Coping with Stress During Infectious Disease Outbreaks
                                                     - by the Substance Abuse and Mental Health Services Administration 
                        (Department of Health and Human Services USA)

What You Should Know
When you hear, read, or watch news about an outbreak of an infectious disease, you may feel anxious and show signs of stress. These signs of stress are normal, and may be more likely or pronounced in people with loved ones in parts of the world affected by the outbreak. In the wake of an infectious disease outbreak, monitor your own physical and mental health. Know the signs of stress in yourself and your loved ones. Know how to relieve stress, and know when to get help.

Know the Signs of Stress
What follows are just some of the behavioral, physical, emotional, and cognitive responses that are all common signs of anxiety and stress. You may notice some of them after you learn about an infectious disease outbreak.

Your Behavior:
▪ An increase or decrease in your energy and activity levels
▪ Having trouble relaxing or sleeping
▪ Worrying excessively

Your Body:
▪ Having stomachaches, headaches and other pains
▪ Losing your appetite or eating too much
▪ Getting tremors or muscle twitches

Your Emotions:
▪ Feeling anxious, fearful, depressed, angry, heroic, euphoric, invulnerable

Your Thinking:
▪ Having trouble remembering things or feeling confused
▪ Having trouble thinking clearly and concentrating or in making decisions

Know How To Relieve Stress

You can manage and alleviate your stress by taking time to take care of yourself.

Keep Things in Perspective:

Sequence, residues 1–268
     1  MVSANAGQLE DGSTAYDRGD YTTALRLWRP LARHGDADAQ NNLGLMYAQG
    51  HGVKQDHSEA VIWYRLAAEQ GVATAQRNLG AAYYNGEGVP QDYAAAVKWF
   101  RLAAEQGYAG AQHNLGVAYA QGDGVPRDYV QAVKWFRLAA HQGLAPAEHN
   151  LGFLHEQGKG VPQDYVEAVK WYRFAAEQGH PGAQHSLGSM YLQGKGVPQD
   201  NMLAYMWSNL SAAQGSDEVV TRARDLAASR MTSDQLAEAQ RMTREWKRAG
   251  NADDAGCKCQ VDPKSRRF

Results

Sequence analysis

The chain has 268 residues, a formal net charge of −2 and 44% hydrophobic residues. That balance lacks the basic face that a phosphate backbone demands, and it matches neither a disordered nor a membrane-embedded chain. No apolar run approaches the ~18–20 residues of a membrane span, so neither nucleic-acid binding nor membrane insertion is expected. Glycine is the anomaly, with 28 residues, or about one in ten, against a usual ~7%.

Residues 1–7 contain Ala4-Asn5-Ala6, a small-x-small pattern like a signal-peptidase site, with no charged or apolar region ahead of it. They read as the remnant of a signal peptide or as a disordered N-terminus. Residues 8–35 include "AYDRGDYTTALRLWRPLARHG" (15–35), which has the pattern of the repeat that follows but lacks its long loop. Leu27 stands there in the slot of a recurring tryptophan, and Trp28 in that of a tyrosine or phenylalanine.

Set limits on how much time you spend reading or watching news about the outbreak. You will want to stay up to date on news of the outbreak, particularly if you have loved ones in places where many people have gotten sick. But make sure to take time away from the news to focus on things in your life that are going well and that you can control.

Get the Facts:
Find people and resources you can depend on for accurate health information. Learn from them about the outbreak and how you can protect yourself against illness, if you are at risk.

Keep Yourself Healthy:
▪ Get enough sleep and rest.
▪ Get physical exercise.
▪ Eat healthy foods, and drink water.

Use Practical Ways to Relax:
▪ Relax your body often by doing things that work for you—take deep breaths, stretch, meditate, wash your face and hands, or engage in pleasurable hobbies.
▪ Pace yourself between stressful activities, do a fun thing after a hard task.
▪ Use time off to relax—eat a good meal, read, listen to music, take a bath, or talk to family.
▪ Talk about your feelings to loved ones and friends often.

Pay Attention to Your Body, Feelings and Spirit:
▪ Recognize and heed early warning signs of stress.
▪ Recognize how your own past experiences affect your way of thinking and feeling about this event, and think of how you handled your thoughts, emotions, and behavior around past events.
▪ Know that feeling stressed, depressed, guilty, or angry is common after an event like an infectious disease outbreak, even when it does not directly threaten you.
▪ Connect with others who may be experiencing stress about the outbreak. Talk about your feelings about the outbreak, share reliable health information, and enjoy conversation unrelated to the outbreak, to remind yourself of the many important and positive things in your lives.
▪ Take time to renew your spirit through meditation, prayer, or helping others in need.